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Economic and Workforce Development

Job Fairs

The Urban League of Springfield collaborate with partners for Job Fairs, which is normally at the Basketball Hall of Fame.  Job Fairs are held twice a year (May and December).  Our recent Job Fair produced over 1900 people who attended and met with Company representatives.  Approximately 165 people received jobs from the job fairs.

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Employment Opportunity Program

The Urban League of Springfield has a relationship with a number of regional and local companies who contact the League for candidates for employment opportunities that they have ranging from upper management to entry level positions.  Companies such as, Comcast, Walgreens, MGM, CVS, Big Y, MassMutual and others.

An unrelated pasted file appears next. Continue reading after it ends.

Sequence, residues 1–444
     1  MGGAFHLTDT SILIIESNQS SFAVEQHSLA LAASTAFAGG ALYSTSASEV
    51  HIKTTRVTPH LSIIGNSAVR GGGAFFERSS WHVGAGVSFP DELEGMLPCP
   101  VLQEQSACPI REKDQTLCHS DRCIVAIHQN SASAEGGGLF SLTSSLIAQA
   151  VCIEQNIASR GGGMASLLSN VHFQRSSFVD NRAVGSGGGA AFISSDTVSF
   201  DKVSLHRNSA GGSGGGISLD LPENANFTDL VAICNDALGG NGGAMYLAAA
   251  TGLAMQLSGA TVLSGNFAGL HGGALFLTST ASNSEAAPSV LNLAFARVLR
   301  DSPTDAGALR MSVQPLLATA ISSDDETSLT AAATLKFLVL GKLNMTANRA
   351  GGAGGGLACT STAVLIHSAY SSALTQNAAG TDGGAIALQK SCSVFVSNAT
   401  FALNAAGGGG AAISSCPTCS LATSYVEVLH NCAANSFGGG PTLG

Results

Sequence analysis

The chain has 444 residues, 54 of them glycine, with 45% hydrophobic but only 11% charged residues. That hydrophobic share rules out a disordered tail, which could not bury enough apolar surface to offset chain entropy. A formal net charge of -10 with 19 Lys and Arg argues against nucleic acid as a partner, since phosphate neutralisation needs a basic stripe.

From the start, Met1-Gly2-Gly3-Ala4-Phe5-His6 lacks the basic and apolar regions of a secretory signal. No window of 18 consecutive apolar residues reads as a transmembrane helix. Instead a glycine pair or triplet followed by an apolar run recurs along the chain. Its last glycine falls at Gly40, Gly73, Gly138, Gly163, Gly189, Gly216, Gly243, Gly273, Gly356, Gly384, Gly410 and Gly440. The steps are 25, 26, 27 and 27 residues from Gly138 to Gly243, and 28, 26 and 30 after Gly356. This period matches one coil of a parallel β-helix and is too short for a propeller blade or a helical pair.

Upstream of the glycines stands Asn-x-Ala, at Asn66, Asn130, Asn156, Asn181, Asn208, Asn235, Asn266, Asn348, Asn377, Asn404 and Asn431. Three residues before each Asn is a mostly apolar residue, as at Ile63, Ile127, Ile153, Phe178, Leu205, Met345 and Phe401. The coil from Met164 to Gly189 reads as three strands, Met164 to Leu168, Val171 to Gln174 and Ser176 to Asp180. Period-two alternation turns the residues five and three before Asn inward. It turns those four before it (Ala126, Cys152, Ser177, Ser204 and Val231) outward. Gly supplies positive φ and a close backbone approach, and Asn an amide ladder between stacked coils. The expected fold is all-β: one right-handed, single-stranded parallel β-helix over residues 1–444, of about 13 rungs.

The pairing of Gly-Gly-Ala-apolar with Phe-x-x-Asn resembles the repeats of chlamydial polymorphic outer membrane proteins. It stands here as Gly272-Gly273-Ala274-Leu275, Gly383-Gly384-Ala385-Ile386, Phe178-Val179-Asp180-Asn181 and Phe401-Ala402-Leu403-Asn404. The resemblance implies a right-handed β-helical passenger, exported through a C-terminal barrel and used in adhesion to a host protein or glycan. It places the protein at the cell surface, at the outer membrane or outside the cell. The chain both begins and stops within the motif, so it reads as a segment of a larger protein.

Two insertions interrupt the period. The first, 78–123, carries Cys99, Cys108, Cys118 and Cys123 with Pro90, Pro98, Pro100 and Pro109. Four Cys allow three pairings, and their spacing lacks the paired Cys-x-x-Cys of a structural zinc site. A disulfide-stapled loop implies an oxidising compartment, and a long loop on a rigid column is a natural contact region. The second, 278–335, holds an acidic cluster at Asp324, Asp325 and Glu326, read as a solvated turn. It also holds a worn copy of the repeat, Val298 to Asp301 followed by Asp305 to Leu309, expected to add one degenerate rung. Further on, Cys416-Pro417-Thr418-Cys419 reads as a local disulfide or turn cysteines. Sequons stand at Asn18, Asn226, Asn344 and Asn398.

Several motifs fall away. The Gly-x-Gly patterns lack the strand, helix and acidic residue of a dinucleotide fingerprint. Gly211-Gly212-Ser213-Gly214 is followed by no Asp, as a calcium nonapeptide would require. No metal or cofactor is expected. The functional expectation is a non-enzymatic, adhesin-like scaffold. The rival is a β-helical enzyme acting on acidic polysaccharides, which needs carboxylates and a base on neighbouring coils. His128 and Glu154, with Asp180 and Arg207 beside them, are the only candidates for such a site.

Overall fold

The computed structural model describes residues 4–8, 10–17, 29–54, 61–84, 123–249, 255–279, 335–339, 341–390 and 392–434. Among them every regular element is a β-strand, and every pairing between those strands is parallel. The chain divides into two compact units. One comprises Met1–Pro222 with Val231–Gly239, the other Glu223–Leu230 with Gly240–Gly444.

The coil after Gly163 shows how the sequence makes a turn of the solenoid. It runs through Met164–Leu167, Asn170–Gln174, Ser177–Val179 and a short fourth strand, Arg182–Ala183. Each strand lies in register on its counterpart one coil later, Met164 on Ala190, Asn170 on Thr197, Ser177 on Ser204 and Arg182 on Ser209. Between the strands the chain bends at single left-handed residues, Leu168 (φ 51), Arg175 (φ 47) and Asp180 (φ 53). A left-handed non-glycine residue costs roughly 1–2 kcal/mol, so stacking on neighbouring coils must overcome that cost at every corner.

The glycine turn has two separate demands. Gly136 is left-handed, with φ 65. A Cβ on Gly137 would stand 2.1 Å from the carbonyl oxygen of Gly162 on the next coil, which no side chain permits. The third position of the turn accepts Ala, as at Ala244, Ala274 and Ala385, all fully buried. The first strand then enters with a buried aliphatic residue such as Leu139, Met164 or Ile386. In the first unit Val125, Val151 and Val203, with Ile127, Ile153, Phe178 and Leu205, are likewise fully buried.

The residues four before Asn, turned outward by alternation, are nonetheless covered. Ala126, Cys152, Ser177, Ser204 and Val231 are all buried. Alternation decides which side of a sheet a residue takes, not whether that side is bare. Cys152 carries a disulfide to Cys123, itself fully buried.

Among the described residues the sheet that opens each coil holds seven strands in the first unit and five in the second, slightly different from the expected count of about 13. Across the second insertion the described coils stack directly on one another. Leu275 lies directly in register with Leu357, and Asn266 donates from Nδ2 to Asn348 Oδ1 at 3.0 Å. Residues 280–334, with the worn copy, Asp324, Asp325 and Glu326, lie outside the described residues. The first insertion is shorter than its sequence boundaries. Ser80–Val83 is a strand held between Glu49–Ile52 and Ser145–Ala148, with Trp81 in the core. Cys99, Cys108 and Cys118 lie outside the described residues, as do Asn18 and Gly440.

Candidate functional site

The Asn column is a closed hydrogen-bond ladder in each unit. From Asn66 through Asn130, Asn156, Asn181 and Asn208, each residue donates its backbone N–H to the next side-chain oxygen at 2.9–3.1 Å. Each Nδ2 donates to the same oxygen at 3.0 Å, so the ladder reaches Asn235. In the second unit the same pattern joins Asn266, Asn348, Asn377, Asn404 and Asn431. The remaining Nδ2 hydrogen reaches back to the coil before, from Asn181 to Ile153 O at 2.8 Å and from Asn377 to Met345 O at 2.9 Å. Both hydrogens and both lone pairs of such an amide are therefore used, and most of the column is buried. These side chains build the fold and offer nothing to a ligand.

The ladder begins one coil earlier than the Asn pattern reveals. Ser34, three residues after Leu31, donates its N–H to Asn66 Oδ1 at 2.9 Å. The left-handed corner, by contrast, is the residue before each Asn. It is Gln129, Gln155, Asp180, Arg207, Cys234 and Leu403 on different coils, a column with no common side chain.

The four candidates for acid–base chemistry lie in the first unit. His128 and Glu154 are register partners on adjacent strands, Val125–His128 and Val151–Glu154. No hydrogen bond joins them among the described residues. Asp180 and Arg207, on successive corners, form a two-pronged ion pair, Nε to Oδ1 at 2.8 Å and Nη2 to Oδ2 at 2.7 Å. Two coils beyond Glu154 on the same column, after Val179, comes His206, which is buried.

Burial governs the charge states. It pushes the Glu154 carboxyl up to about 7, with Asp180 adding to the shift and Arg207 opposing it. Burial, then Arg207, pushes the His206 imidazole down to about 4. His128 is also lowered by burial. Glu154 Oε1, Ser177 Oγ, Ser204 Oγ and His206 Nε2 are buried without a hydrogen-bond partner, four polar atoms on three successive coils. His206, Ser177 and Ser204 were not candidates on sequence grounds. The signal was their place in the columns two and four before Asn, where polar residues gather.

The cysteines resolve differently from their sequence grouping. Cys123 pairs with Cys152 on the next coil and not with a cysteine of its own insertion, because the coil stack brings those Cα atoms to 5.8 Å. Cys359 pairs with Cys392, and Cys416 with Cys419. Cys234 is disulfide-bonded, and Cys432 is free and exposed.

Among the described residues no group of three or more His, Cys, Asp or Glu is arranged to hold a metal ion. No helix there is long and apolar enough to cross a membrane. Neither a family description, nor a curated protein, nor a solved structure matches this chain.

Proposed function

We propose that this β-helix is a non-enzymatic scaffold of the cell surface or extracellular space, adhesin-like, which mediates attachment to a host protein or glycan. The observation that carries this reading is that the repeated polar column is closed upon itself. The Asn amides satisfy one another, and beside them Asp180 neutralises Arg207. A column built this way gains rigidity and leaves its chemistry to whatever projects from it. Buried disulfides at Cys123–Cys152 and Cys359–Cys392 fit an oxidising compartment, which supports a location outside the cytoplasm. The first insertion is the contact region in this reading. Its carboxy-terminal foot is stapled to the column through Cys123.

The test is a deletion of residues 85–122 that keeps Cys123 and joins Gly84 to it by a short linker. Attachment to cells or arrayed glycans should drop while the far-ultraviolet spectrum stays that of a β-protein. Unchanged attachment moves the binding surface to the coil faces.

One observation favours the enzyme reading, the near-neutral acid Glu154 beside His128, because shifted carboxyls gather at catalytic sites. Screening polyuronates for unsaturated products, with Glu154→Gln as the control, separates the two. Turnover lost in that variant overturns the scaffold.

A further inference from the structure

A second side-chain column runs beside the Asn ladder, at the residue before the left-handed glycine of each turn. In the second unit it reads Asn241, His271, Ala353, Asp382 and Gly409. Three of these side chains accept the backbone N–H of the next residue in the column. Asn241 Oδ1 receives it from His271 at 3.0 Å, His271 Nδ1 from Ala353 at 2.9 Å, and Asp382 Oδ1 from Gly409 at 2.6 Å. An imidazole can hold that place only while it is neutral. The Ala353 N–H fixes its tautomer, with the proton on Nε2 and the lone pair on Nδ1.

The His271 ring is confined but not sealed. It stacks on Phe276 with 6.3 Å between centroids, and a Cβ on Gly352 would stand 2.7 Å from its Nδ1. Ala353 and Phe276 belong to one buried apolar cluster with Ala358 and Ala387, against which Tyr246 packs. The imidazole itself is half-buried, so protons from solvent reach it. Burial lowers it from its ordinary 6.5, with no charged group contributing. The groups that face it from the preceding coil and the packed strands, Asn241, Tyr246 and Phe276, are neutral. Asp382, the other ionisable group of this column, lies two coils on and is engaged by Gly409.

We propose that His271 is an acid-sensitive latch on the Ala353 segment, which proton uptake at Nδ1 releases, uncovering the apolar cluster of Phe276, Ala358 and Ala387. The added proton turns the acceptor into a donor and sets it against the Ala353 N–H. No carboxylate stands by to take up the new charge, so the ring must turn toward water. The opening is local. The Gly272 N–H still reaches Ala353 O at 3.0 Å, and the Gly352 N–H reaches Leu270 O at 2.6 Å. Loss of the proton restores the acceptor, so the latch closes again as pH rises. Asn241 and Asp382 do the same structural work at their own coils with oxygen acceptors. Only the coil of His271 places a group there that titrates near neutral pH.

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The Urban League of Springfield Youth Scholarship

The Urban League of Springfield Youth Scholarship is provided to deserving students pursuing higher education. They must demonstrate successful academic performance and active community service.

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The Urban League African American Scholarship

The Urban League African American Scholarship fund is maintained at the community foundation. Over $26,000 is granted to students each year.